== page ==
The translation from theatre to concert hall also proved to be slightly problematic in Tim Dargaville’s Dinner Dances (2004-09) for 13 strings. Originally cast as instrumental music for Moira Buffini’s play Dinner, these six brief dances are intended as a kind of psychological background music, unobtrusively familiar but with dark undercurrents that reflect the stage drama. Sharing the same thematic material, they are driven by lower string ostinati – the palm court and tango are never far away. Short asymmetrical motifs interlock, in an early 20th-century modal language reminiscent of Stravinsky or Bartók. There were also echoes of John Adams in the fourth dance, where there is momentary relief from the ostinati in the form of more expansive string textures. The final dance also provides contrast but seems to lack the intensity to make for a convincing ending to the set. In all, these works are tuneful and quirky but could be more varied in their orchestration and tempi. This sameness of feel between the dances probably works more effectively in the original dramatic context, where the demands of script and pacing demand more obvious musical homogeneity.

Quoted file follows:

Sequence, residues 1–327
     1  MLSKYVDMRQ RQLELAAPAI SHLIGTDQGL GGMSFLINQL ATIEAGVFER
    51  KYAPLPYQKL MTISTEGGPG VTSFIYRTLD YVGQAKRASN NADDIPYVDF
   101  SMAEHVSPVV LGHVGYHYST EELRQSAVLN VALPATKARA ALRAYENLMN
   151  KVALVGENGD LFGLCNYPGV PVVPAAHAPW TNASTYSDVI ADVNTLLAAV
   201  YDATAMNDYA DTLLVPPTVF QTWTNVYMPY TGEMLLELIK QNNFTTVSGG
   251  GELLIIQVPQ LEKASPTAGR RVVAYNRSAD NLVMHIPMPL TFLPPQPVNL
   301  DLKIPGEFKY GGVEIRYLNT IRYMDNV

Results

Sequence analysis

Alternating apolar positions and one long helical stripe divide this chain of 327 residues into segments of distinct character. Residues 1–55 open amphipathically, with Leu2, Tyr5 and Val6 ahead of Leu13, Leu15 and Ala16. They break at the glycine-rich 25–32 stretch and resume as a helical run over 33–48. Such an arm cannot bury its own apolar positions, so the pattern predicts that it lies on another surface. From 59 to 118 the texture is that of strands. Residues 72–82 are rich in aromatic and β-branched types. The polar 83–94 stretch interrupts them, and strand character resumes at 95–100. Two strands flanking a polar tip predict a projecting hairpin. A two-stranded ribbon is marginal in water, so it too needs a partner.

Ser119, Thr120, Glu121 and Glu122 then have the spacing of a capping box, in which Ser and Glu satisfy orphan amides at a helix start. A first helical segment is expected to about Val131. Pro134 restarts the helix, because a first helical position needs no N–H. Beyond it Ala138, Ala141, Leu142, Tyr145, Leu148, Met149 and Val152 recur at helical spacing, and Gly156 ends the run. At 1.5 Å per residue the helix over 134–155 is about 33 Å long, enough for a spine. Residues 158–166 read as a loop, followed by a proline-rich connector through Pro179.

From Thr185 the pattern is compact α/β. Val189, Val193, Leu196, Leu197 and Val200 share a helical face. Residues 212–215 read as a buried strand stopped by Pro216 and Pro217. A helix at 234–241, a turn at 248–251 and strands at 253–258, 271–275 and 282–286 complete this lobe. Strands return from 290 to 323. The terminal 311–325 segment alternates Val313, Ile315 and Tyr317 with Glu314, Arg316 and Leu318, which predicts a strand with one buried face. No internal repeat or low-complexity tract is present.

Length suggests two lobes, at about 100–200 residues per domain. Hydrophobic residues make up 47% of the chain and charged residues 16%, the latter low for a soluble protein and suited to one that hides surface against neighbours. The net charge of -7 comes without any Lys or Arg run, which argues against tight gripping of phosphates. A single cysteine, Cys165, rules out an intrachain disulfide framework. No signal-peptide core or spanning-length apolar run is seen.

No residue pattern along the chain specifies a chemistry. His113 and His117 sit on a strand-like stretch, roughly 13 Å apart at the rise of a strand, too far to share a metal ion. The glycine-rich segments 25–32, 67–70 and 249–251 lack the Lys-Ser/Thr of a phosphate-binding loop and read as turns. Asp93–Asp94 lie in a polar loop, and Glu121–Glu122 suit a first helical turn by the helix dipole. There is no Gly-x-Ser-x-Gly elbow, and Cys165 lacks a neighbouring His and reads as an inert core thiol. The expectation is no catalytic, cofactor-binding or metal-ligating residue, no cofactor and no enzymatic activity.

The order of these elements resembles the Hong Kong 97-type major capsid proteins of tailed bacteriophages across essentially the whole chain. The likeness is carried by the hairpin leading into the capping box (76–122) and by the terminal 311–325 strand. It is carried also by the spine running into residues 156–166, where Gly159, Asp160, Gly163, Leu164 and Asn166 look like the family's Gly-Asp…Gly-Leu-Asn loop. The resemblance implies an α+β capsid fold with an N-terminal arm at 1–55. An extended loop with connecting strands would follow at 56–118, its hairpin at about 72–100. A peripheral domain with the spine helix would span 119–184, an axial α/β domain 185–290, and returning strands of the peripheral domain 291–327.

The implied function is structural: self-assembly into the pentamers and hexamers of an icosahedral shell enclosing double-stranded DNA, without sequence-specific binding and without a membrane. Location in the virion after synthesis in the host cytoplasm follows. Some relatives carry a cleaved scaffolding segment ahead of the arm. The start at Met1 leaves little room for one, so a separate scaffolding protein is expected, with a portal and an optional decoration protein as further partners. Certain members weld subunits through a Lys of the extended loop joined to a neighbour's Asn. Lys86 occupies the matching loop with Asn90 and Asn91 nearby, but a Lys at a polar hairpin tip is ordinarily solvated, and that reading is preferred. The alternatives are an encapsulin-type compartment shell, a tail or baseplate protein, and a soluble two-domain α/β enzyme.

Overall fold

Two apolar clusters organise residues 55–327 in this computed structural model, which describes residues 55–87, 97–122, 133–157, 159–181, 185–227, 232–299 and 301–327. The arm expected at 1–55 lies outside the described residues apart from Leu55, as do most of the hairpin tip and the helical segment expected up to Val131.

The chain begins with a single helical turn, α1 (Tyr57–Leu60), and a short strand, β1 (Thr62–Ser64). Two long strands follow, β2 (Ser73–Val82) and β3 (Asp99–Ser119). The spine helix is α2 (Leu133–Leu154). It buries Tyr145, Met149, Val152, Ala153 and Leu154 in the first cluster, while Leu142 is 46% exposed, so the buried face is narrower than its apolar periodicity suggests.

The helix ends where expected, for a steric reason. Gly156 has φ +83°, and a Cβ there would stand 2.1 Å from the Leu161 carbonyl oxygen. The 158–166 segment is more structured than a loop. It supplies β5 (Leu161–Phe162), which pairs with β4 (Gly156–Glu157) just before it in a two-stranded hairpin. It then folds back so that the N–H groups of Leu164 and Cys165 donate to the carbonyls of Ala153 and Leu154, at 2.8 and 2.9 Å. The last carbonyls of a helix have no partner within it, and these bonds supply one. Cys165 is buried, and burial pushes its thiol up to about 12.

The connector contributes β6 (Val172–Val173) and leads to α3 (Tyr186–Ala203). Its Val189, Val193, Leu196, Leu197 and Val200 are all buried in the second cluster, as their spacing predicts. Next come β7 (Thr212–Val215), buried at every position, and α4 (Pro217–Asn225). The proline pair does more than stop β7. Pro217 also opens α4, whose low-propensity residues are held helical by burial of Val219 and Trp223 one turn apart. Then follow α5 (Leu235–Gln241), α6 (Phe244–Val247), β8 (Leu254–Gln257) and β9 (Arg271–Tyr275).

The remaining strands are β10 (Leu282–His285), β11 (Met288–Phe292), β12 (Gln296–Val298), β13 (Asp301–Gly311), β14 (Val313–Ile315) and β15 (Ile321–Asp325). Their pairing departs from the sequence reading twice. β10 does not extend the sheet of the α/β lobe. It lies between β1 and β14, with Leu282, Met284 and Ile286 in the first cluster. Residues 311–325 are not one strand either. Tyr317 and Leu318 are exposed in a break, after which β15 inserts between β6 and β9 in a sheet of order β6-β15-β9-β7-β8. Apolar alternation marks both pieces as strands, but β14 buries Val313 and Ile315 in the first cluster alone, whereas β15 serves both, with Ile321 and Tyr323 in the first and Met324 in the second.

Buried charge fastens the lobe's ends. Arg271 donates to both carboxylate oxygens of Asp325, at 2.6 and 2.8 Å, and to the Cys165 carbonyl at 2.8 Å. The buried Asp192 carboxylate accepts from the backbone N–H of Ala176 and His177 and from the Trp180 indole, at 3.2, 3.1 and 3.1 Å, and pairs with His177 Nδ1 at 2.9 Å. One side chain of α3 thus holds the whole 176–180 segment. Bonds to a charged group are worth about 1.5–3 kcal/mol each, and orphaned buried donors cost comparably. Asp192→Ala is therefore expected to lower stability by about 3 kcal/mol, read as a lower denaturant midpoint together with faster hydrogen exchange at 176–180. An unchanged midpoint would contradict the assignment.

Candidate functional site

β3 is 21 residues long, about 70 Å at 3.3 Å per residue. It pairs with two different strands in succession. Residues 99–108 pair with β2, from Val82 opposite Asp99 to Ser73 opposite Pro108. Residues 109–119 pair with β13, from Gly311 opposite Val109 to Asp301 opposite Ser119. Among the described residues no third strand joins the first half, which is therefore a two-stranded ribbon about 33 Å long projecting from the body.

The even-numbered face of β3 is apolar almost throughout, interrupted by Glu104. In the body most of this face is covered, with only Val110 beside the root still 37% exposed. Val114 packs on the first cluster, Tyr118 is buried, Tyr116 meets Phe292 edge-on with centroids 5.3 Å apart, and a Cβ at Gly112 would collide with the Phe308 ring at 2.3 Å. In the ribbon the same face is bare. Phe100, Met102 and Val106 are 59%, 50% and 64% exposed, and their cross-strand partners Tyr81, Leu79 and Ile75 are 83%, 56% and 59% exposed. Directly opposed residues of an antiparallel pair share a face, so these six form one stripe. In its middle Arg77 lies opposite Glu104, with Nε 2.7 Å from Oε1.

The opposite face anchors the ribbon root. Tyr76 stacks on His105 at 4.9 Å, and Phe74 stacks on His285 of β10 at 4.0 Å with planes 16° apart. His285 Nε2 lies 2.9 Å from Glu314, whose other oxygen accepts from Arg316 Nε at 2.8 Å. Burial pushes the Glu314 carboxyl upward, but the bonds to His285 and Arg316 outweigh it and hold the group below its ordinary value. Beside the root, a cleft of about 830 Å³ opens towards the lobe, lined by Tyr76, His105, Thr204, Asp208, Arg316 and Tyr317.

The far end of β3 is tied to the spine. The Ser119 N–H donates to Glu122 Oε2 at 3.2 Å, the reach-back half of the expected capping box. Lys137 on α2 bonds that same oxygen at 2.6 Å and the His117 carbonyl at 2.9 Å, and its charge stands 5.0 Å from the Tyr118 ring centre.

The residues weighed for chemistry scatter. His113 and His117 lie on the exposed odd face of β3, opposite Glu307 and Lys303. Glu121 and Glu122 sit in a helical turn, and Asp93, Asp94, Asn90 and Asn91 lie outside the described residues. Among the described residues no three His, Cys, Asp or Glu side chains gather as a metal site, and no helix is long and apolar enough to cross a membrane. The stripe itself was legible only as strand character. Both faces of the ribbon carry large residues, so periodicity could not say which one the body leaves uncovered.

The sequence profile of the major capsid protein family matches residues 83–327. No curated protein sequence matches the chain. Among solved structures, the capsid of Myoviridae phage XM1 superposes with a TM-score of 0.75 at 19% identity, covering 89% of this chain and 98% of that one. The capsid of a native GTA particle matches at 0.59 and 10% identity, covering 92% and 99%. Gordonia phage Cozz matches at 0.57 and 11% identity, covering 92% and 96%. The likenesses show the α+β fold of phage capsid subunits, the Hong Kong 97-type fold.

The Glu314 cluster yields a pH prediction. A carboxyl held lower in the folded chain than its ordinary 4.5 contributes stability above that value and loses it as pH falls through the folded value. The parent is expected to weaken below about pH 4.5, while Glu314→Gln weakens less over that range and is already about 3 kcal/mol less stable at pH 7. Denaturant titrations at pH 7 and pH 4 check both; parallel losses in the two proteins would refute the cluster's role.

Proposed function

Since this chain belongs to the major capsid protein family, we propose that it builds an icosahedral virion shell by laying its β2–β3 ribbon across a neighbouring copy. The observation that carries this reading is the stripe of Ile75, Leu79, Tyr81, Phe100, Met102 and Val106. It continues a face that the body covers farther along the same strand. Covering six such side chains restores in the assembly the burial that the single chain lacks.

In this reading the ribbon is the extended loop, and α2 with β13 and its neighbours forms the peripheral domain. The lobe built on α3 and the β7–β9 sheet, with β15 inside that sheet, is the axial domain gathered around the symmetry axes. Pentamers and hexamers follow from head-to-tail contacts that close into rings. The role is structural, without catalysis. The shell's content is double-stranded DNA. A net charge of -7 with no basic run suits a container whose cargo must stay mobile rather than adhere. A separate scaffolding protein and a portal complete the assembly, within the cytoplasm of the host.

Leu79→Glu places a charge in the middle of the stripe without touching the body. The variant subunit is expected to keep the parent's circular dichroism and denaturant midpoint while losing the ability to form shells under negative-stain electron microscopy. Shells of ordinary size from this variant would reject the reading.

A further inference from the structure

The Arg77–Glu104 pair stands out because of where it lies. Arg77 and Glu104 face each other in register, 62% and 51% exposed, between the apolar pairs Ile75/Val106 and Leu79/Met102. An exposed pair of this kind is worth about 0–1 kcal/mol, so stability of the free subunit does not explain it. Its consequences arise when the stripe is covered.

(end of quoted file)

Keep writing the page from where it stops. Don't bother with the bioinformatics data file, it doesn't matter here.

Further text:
In Canticle of David (1957-59) Arcko has found an early work by iconic Australian composer Nigel Butterley. Whilst not representative of his later work, this piece certainly provides insights into the influences that perhaps helped shape his recent style. Cast in three movements, this traditional work showed fine polyphonic skill and orchestral subtlety. The stark angular lines of the opening Lament showed an affinity with the music of Shostakovich and Britten, whilst the rhapsodic central Prayer gave expressive opportunities to soloists Aaron Barnden (violin) and Caerwen Martin (cello), both of whom shone impressively. The concluding fugal Rejoicing gave the ensemble a chance to show their precision and energy in some full-blooded rusticity.